WARNING: THE FOLLOWING THEATRICAL TRAILER IS SPOILER-RIFFIC! VIEW AT YOUR OWN RISK!

[youtube=http://www.youtube.com/watch?v=JaunvDZcf7E]

Oh, I don’t know if I’m making a strong case for THE BRIDES OF DRACULA or not – that movie just turns me into a big old girl, all giggly and helpless and too scared to scream.  I just hope you’ll watch it tonight, either pig-a-back with HORROR OF DRACULA (and chased by DRACULA PRINCE OF DARKNESS [1965] and DRACULA HAS RISEN FROM THE GRAVE [1968]) or on its own.  One of the happiest times of my life, right up there with seeing the birth of my children and having my father beat his cancer, was taking my wife Barb to the Egyptian Theater in Hollywood to see THE BRIDES OF DRACULA on the big screen, for the first time ever.  If you’re seeing this for the first time tonight, I envy you the experience.  Dim the lights and do it up right!  And leave a space for me on the couch, as I’ll be there with you in spirit.

30 Responses Brides, Brides, everywhere a Bride, breakin’ up the scenery, changin’ my mind!
Posted By Foulard : October 1, 2010 1:54 pm

Well, I didn’t see this until I was over 40, but was extremely delighted by it too. This movie reeks with atmosphere, and Yvonne Monlaur is a great stand-in for the viewer. Whenever I see one of the Hammer gothics, I always want to step into one of those taverns for a drink (not so much the vampire’s castle!).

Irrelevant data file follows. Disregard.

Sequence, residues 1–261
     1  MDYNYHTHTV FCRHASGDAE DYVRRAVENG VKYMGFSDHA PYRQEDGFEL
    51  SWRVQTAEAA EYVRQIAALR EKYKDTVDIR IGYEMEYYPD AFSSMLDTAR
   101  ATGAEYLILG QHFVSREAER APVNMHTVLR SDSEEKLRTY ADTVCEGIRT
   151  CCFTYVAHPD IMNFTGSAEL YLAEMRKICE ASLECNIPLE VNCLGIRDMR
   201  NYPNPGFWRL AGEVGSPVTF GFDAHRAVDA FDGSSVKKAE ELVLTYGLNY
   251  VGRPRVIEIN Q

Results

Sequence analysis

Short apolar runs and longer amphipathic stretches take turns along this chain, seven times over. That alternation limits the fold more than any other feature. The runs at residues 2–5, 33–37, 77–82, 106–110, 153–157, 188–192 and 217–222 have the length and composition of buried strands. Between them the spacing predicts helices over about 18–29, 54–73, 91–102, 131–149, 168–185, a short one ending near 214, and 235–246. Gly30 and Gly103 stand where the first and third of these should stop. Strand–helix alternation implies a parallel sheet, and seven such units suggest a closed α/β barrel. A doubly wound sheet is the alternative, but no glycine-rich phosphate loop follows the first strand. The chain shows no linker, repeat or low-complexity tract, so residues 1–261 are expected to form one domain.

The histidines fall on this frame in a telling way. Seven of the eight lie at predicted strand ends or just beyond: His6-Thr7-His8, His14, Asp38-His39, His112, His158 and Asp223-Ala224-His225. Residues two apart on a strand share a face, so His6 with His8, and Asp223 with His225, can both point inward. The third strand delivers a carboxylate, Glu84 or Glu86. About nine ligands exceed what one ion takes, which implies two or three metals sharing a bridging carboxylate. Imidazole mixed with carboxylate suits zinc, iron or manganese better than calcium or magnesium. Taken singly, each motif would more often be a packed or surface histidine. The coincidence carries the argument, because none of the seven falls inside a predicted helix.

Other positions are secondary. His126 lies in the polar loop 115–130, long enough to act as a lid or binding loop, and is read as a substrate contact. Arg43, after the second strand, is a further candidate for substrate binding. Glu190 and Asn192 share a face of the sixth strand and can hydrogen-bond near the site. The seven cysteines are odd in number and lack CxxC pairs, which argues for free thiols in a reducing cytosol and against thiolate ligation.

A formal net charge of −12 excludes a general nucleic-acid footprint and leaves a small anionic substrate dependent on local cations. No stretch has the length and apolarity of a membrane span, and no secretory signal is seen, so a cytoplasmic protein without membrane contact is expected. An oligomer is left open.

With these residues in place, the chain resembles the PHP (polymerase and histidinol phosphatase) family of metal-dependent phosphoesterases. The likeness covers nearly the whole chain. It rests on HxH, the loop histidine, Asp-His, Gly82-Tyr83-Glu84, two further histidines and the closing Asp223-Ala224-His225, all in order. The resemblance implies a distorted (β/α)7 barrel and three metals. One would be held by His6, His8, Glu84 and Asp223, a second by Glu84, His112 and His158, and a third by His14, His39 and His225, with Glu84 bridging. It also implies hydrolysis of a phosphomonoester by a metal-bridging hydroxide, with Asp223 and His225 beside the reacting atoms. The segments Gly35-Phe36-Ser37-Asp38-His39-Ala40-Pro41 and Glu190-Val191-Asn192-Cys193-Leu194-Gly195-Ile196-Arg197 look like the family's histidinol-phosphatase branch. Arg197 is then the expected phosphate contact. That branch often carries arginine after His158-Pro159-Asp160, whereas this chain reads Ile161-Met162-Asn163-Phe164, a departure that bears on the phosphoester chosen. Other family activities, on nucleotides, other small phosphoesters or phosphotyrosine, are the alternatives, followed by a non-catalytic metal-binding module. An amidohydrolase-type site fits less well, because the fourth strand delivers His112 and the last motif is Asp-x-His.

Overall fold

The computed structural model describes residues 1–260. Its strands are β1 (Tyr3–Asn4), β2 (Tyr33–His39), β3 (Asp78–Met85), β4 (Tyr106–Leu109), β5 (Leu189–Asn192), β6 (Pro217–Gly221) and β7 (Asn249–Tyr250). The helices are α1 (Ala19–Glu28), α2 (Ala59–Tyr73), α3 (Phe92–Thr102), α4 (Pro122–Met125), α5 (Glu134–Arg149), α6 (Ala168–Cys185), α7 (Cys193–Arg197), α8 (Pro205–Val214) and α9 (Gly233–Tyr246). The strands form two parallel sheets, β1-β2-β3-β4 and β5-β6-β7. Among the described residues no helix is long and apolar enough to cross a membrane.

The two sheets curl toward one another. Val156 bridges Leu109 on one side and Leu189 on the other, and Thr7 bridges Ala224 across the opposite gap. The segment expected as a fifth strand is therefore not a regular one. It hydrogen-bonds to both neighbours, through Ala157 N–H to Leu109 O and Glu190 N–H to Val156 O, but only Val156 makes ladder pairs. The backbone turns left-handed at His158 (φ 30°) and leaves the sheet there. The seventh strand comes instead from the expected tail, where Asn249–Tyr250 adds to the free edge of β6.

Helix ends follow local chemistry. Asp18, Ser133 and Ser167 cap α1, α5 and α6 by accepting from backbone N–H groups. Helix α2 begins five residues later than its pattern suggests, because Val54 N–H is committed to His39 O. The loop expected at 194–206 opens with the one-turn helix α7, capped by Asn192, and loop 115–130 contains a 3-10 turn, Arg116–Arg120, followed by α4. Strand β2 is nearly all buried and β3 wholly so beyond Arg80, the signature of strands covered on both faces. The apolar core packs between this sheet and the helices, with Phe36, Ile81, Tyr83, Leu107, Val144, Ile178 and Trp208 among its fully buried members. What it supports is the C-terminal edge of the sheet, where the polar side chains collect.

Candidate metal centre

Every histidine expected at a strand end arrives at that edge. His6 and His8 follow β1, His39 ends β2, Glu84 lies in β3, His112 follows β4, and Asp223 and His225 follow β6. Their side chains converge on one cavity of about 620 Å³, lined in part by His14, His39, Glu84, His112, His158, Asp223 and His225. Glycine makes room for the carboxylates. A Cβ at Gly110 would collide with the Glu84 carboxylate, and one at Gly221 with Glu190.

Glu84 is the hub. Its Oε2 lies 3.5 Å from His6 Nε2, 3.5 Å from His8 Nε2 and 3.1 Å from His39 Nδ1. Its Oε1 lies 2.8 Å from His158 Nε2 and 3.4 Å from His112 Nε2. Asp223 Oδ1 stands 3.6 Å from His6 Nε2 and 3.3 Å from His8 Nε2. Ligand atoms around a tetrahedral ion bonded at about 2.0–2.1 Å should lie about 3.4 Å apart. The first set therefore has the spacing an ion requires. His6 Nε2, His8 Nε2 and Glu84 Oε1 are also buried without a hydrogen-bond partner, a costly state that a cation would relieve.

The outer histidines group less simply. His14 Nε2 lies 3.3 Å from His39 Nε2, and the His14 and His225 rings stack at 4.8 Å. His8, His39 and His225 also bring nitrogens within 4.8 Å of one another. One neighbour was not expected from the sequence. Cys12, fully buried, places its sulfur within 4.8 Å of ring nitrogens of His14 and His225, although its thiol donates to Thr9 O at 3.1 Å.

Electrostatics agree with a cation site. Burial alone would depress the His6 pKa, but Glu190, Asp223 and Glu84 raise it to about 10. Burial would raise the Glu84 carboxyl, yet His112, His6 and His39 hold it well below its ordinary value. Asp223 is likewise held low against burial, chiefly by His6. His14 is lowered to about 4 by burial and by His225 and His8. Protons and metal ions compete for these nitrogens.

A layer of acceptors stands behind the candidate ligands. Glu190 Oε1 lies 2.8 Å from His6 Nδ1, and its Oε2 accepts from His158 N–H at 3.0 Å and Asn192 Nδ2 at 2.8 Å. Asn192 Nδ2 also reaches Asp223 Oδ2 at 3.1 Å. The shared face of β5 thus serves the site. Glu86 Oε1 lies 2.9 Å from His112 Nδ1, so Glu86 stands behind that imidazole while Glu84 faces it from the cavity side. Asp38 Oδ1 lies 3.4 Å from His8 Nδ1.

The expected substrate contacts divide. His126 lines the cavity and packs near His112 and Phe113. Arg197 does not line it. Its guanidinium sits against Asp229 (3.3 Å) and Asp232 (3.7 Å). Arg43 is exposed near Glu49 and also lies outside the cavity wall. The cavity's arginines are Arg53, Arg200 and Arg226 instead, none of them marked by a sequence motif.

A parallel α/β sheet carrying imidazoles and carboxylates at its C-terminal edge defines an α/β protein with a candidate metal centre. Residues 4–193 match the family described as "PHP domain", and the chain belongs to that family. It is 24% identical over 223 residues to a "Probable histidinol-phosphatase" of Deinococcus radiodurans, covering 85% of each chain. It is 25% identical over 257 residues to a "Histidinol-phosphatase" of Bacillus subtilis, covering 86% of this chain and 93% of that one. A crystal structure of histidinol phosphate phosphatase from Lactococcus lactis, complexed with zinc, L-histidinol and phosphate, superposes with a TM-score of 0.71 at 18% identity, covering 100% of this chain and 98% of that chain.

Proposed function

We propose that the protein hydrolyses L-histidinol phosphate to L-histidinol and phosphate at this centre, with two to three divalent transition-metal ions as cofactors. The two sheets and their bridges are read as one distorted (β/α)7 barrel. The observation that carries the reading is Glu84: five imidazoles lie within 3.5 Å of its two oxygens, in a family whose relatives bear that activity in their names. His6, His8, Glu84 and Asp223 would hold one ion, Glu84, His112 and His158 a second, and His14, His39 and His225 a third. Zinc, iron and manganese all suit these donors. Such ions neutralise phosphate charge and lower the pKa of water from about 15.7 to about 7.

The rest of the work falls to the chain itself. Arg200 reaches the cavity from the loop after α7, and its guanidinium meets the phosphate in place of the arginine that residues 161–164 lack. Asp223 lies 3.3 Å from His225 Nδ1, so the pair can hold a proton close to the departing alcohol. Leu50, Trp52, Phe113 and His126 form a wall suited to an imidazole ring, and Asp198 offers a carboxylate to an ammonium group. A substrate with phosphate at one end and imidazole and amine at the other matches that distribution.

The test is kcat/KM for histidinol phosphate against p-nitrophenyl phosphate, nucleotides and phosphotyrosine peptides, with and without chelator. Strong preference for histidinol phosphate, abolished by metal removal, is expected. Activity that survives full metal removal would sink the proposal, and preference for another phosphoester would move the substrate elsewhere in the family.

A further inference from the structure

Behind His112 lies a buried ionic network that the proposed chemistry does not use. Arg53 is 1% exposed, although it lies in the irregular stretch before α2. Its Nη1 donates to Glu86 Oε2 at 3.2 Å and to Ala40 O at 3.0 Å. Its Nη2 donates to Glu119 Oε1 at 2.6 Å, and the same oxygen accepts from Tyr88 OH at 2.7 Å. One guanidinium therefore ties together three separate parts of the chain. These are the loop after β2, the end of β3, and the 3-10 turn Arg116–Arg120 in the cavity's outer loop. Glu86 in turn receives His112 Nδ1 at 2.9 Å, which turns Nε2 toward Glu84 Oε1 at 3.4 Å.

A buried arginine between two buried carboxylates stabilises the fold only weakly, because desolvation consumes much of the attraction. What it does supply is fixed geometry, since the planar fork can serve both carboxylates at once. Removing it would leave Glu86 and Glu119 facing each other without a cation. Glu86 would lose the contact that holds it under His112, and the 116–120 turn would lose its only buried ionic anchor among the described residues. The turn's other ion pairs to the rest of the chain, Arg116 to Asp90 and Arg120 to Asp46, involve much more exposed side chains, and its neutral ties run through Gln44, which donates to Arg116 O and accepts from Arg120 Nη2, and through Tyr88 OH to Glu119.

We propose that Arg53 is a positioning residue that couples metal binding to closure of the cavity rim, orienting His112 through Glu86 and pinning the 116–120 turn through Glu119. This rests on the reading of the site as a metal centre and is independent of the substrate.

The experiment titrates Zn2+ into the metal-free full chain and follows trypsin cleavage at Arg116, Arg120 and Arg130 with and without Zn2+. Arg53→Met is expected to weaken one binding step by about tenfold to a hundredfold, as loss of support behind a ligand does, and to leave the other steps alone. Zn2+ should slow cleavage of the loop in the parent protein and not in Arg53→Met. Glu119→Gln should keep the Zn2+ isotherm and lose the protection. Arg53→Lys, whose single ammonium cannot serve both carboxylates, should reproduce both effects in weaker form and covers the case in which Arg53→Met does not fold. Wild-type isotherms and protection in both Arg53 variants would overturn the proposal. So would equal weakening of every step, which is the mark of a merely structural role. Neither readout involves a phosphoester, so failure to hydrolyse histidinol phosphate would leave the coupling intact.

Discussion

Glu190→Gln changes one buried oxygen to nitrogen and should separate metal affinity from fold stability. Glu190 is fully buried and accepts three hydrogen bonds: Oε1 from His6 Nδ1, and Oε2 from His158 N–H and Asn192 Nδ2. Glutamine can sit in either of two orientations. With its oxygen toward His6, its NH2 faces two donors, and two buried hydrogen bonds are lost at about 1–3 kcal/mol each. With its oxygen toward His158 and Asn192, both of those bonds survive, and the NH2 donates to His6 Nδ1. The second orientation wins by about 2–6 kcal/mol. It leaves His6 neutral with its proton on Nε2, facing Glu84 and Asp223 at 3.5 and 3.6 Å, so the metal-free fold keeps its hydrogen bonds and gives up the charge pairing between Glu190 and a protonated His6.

Posted By Foulard : October 1, 2010 1:54 pm

Well, I didn’t see this until I was over 40, but was extremely delighted by it too. This movie reeks with atmosphere, and Yvonne Monlaur is a great stand-in for the viewer. Whenever I see one of the Hammer gothics, I always want to step into one of those taverns for a drink (not so much the vampire’s castle!).

Posted By Bob Gutowski : October 1, 2010 2:15 pm

I think you’ve hit it with the word “gothic.” Yes, it’s got all those necessary ingredients, including a sinister Baroness, the exquisite Martita Hunt (and what a Freudian twist HER life takes)! A lovely evocation of this fever dream of a movie.